Deodorant is a necessary hygiene product, especially if you’re really into fitness. You’ve likely picked one brand and stuck with it, even if that brand stains your clothes or doesn’t manage odor as well as you hoped. Choosing the right deodorant for your body can be a stressful experience unless you have this handy guide to help you through the process.
Deodorant vs. Antiperspirants
There are two types of sweat tackling products you’ll find at the drugstore: deodorants and antiperspirants. Antiperspirants are usually made from aluminum salts that temporarily plug the sweat glands and are great for people that sweat a lot throughout the day. Antiperspirants will keep your clothing dry – just be sure to find one with at least 10 percent aluminum chloride.
However, if you have excess sweating issues, average antiperspirants may not be enough. For example if you have hyperhidrosis, you may need something stronger, like Drysol, Duradry or Certain Dri.
Deodorants don’t necessarily stop sweat from coming out of the pores and instead tackles the bacteria from your sweat and cuts down body odor. You can purchase both a deodorant and antiperspirant, which will benefit you if you want to tackle B.O. and sweat.
Choosing the Right Formula
Now that you’re deciding to switch to a new formula, you should consider switching your formula once again after 6 months. Similar to antibiotics, a deodorant formula that’s used frequently will start to lose its potency. This is usually why your body stick stops blocking out odor after a period. If you need extra protection, switch to a clinical brand with 20 percent aluminum chloride and use it before bed.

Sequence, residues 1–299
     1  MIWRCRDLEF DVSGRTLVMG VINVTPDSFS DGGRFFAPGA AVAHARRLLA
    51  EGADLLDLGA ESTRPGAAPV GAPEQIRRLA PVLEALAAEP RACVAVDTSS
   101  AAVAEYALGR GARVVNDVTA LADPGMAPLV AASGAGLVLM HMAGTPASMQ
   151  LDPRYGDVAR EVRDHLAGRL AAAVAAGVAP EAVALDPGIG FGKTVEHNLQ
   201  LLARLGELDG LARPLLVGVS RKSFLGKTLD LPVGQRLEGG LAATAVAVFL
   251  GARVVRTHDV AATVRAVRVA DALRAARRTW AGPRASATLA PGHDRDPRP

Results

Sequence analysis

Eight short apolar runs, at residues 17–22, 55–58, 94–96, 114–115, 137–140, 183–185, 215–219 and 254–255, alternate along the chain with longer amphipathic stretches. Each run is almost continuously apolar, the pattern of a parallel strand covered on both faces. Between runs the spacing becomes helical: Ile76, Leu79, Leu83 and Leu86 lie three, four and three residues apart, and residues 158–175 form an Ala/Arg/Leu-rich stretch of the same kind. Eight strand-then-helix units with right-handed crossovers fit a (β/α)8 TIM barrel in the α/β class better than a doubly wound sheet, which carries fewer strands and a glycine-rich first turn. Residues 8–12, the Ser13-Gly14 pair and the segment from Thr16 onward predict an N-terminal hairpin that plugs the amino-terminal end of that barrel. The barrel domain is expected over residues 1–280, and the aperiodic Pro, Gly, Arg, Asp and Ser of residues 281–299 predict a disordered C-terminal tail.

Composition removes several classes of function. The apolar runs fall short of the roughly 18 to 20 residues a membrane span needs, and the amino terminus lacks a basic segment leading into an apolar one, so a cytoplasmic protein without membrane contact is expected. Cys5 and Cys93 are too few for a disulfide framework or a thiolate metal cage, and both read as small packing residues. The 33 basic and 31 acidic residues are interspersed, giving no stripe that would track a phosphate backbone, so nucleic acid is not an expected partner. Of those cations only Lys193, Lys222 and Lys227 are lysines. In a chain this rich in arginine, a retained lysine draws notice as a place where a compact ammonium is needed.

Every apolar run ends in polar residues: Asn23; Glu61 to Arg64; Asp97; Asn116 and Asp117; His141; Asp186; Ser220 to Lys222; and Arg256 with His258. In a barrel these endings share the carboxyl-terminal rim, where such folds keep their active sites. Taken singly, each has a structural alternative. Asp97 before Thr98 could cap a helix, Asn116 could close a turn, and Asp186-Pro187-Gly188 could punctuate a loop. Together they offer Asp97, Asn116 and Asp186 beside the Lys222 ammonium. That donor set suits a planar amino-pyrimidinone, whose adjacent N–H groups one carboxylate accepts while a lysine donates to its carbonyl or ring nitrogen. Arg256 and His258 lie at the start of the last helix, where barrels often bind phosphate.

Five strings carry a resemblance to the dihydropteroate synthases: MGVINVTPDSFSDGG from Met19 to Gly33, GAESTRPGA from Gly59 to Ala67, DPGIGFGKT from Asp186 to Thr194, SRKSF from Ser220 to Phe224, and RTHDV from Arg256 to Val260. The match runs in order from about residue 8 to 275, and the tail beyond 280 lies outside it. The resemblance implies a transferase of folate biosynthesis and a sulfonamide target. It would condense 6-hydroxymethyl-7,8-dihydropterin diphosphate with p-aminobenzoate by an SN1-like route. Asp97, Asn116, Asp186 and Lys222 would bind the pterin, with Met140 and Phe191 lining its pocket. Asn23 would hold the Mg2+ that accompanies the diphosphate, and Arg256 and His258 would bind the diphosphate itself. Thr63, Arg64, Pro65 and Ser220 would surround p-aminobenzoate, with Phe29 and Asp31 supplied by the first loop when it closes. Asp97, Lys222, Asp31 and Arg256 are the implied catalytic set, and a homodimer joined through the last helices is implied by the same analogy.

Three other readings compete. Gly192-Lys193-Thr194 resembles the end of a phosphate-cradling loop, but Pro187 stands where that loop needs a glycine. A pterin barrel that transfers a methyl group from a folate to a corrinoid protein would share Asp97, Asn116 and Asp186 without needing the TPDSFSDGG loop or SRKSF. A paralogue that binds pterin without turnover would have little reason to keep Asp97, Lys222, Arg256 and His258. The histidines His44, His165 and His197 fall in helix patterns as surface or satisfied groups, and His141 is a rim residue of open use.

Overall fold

Regardless of what you use, you’ll need to apply it daily, preferably in the morning, so you can get the full benefits of the formula you chose. You can choose between sprays, gels, sticks, or creams. On the first use, only apply a dime-sized amount in case of an allergic reaction.
Sprays are great for anyone who prefers not to shave or have sensitive armpits that don’t like to be touched with sticks, creams, or gels. Underarm hair can become tangled or unkempt if you use something other than a spray, which can become uncomfortable. However, if you do shave, avoid alcohol-based sprays because they could irritate your skin. When spraying your underarms, try to get close, or you may spray too much and overpower the scent.
Blue gelled underarm deodorant feels very light and cool to the touch and is unlikely to come off on your clothing. Just to be safe, make sure the gel is dry before putting on a shirt anyway! It initiates on impact to prevent sweating and stop odor, but gel can get a little sticky if misapplied. Don’t add too much gel deodorant, or it could feel mushy when you close your arms. Other than that, pick gels if you need to dress for a big event to avoid underarm smears.
You’ve likely used a stick formula in the past because they’re so plentiful, but there is probably another reason you’ve used them: they’re cheap, effective, and contain dimethicone. Dimethicone soothes skin on contact, which can help freshen skin after shaving. If you notice clumping, that’s likely due to the zinc in the formula. However, if you don’t have any special deodorant needs, you can almost always count on the stick to do its job.
Creams usually come from a tube or jar and aren’t commonly seen in a drugstore unless you venture down the specialty skin department. Anyone with sensitive skin will love creams because they contain hydrators instead of aluminum salts. If you have B.O., you may want to pass up creams for something else. Still, if you find your armpits are irritated due to razor burn or rubbing, maybe try out a cream-based deodorant.